Reports of sibling pairs with multiple myeloma (MM) suggest that occasionally, genetic factors may predispose to myeloma, and Hemminki (2002) reported that offspring of multiple myeloma cases had a fourfold increased risk of disease. Horwitz et al. (1985) reviewed 30 families with two affected siblings and a further nine families with three affected siblings. In two reports of twins with multiple myeloma (Judson et al. 1985; Comotti et al. 1987), one emphasized the contribution of shared environment and the other genetic factors. A 2 % incidence of plasma cell disorders in siblings of myeloma patients has been reported, but this may not be excessive (Horwitz et al. 1985). There have been a few families described with several cases of MM, although these are rare (Lynch et al. 2008b). Lynch et al. (2001) described a large kindred with familial multiple myeloma in three cases and a monoclonal gammopathy of unknown significance in two further relatives.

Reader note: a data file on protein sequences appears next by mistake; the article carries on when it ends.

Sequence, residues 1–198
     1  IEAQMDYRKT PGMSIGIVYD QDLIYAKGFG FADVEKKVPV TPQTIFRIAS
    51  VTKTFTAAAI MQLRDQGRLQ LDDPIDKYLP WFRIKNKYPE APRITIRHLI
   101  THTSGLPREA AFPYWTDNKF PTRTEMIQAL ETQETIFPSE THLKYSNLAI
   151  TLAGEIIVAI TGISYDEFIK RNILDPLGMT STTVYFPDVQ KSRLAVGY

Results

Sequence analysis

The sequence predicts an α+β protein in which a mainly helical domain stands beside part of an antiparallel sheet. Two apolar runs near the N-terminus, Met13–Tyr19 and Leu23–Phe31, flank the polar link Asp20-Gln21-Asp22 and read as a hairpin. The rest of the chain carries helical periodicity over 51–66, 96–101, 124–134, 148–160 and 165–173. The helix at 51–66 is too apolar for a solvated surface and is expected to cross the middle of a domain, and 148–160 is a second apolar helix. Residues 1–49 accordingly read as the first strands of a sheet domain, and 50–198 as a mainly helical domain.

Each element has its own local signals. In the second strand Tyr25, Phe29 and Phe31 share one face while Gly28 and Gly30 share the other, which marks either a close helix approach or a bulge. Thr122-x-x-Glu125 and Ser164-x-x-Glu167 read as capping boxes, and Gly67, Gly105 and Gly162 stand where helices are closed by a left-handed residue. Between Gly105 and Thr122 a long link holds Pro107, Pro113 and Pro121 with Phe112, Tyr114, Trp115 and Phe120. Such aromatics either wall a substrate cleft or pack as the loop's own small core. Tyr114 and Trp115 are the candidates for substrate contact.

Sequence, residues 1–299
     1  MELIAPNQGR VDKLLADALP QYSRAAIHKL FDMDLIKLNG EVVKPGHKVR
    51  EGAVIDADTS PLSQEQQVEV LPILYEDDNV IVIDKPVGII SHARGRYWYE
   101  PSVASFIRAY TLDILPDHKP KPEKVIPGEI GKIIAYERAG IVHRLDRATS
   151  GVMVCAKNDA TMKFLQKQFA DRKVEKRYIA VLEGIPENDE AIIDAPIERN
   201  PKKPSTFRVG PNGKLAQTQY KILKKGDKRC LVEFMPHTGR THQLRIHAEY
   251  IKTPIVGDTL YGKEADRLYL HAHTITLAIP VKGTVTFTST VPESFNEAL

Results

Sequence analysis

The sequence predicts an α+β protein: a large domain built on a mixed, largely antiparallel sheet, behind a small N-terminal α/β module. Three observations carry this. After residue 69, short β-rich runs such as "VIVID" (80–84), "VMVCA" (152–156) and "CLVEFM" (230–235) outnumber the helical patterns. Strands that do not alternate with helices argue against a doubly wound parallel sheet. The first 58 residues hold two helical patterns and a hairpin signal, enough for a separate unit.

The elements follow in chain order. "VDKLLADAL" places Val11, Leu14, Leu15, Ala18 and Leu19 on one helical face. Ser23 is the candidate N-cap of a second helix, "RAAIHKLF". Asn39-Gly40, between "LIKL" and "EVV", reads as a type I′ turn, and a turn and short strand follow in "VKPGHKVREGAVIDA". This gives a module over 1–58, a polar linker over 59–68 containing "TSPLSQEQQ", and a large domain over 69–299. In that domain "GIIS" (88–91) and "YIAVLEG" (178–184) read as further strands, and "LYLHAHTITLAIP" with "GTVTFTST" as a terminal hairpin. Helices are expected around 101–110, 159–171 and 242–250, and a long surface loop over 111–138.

Although there is no case for routine screening of relatives of myeloma patients, when familial myeloma is found, first-degree relatives should be screened (by blood and urine electrophoresis) and those with benign monoclonal gammopathy kept under surveillance. There is evidence for an increased relative risk of multiple myeloma in relatives of MM cases (SIR 2.45), chronic lymphatic leukemia (2.45), and non-Hodgkin lymphoma (1.34) (Altieri et al. 2005). A hereditary predisposition to B cell proliferative diseases has been established, and IgG/A and IgM disorders may occur together in families, where enhanced B cell responsiveness may be found in healthy subjects clustered around cases (Steingrimsdottir et al. 2011).